#EpicFail: Twitter falls below $26 IPO price

Twitter takes on a life of its own
Twitter takes on a life of its own

It's hard to imagine things getting much worse for Twitter. But the stock is now trading below the price that Twitter sold shares for when it first went public.

#Ouch!

Twitter dipped under $26 for the first time ever on Thursday. Twitter priced its initial public offering at $26 in November 2013.

The stock was an immediate hit on Wall Street, surging 73% on its IPO day to just under $45. Twitter (TWTR) climbed as high as $74.73 by the end of December.

But it's been mostly downhill ever since.

Related: When will Twitter name a new CEO?

Twitter has been plagued by concerns about sluggish user growth. Twitter has "only" 316 million monthly active users. Facebook (FB) has nearly 1.5 billion.

Former CEO Dick Costolo stepped down earlier this year. Many investors were not happy with how the company was doing under his watch.

Twitter has added many new features over the past year to try and lure new users. Periscope, an app which lets people show live video streams on Twitter, has been a hit. It launched in March and already has more than 10 million users.

Twitter's stock also enjoyed a nice pop in mid-August after it announced a new content and advertising deal with the National Football League. Twitter is actively promoting itself as the social media place to be for live events.

Related: #Touchdown! NFL partners with Twitter

But Twitter is still criticized for being intimidating to those not familiar with its 140-character message limit, endlessly scrolling timelines and trending topics.

Even Twitter co-founder and interim CEO Jack Dorsey has admitted that Twitter is not always easy to use.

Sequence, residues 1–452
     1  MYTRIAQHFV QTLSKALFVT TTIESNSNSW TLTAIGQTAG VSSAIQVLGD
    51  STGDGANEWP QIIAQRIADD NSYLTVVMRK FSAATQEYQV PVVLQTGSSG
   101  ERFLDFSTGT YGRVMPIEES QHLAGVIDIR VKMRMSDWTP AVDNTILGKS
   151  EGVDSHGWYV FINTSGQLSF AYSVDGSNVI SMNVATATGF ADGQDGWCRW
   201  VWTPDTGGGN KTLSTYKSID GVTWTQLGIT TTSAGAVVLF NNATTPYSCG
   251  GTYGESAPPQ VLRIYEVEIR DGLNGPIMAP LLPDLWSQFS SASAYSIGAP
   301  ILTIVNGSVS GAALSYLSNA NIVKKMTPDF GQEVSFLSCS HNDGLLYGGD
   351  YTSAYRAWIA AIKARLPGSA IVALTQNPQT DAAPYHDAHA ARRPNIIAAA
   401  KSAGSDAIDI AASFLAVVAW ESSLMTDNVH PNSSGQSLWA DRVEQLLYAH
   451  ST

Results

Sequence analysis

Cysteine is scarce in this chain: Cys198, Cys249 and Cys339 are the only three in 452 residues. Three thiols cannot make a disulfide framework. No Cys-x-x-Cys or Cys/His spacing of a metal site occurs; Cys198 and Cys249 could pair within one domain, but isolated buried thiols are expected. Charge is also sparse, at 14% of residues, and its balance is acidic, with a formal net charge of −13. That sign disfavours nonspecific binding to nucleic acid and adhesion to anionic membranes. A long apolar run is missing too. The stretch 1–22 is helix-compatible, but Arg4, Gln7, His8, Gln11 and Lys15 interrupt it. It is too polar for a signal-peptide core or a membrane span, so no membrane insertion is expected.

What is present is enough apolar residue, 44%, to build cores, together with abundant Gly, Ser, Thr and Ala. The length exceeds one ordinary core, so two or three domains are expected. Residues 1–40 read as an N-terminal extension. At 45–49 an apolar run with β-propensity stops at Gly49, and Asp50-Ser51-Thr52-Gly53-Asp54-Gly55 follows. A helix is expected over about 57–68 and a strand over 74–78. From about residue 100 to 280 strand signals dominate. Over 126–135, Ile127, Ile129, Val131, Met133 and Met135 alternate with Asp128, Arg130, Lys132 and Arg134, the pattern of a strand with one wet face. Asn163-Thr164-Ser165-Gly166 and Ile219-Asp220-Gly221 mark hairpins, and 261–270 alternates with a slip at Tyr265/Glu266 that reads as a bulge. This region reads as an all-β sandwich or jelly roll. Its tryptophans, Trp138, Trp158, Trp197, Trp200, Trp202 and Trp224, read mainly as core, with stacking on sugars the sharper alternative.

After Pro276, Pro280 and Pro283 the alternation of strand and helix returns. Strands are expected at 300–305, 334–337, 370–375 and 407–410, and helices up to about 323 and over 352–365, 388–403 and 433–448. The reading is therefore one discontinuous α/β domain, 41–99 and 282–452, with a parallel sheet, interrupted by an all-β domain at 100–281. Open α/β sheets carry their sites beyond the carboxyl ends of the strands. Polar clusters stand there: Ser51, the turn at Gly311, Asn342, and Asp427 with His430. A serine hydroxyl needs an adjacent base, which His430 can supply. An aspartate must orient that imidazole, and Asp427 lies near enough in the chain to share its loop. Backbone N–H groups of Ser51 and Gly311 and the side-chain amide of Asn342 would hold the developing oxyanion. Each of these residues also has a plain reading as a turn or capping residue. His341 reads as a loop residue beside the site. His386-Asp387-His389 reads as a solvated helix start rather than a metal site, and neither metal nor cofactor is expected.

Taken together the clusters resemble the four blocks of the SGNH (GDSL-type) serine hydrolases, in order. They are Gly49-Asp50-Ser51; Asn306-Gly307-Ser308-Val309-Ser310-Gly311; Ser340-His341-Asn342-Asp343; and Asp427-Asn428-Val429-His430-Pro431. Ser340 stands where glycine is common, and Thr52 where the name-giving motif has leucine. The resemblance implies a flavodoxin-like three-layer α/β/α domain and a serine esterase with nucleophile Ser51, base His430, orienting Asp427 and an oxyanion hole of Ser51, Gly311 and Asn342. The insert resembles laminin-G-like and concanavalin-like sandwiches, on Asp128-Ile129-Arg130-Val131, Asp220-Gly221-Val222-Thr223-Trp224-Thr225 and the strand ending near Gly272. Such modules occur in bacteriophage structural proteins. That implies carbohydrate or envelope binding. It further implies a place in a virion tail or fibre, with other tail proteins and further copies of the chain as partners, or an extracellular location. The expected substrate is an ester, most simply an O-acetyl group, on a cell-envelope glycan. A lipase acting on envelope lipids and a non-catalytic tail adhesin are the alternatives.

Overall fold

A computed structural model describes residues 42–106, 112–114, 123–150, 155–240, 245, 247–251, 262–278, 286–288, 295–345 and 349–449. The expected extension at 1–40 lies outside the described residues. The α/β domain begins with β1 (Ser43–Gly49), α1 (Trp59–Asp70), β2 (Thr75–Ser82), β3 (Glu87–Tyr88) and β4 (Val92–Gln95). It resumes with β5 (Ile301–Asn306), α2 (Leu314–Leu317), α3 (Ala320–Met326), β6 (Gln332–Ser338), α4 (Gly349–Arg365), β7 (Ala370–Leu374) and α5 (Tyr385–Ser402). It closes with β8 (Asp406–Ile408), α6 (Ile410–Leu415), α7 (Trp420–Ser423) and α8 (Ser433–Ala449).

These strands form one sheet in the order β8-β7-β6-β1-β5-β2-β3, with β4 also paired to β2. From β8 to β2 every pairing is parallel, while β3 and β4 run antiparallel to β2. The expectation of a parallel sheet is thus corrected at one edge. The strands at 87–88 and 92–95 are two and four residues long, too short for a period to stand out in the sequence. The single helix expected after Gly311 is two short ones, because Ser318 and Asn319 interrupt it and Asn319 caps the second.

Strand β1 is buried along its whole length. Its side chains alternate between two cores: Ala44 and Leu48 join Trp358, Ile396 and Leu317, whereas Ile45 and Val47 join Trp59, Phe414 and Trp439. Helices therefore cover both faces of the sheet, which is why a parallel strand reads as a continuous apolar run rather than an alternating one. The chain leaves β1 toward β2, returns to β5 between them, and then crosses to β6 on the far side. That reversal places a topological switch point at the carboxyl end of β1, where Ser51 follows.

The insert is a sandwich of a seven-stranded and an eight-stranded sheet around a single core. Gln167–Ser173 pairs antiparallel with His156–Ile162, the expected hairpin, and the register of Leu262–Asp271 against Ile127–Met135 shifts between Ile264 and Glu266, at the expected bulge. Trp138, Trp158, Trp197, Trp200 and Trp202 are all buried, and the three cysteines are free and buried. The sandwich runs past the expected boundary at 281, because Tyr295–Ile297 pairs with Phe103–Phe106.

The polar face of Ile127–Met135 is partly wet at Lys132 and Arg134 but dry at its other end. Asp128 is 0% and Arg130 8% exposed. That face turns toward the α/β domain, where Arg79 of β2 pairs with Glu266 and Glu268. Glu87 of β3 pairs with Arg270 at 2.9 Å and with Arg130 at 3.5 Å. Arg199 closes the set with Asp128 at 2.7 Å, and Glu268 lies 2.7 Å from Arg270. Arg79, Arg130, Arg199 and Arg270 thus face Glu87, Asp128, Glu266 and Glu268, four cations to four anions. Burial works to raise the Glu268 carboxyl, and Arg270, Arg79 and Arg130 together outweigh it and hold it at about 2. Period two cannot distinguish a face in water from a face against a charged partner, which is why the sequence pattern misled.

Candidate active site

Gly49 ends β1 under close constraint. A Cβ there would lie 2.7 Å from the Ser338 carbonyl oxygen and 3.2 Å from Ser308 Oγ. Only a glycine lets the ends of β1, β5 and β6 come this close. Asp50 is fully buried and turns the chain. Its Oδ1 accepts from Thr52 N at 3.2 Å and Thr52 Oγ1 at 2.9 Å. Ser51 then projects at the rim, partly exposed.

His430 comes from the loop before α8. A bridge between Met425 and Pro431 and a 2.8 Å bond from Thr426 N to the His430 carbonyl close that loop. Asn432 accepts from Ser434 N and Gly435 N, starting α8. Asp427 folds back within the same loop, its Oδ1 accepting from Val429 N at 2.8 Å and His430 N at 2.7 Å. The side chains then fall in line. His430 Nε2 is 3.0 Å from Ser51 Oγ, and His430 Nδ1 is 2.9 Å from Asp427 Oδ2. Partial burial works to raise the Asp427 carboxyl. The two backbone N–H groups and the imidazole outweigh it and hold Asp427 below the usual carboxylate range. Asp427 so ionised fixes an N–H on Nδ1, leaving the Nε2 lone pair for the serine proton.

Dorsey could wind up becoming the full-time CEO at Twitter. One influential Twitter investor, venture capitalist Chris Sacca, has endorsed him.

But Dorsey is also the CEO of private payments startup Square, which is reportedly looking to go public. Twitter has said it would prefer a full-time CEO.

There has been some talk that Twitter may want to hire an outsider for the CEO spot. Facebook COO Sheryl Sandberg has been cited in some speculative reports as a dream candidate.

Related: Twitter's Dorsey: We know we must be easier to use

Others have suggested Twitter could go after Intel (INTC) president Renee James, who announced in July that she plans to leave Intel in the next few months to try and become a CEO elsewhere.

Still, there's a good chance that Twitter won't want to shake things up too much. Adam Bain, Twitter's head of revenue and partnerships has been cited as the frontrunner among internal candidates.

Bain arguably helped his chances with the new NFL deal.

Rumors about Twitter being taken over haven't gone away though. Google (GOOGL) is often mentioned as a possible suitor -- and there was even more speculation after Google announced it was reorganizing into a new parent company called Alphabet.

Twitter's stock even rallied earlier this summer following a fake media report about Twitter being in merger talks.

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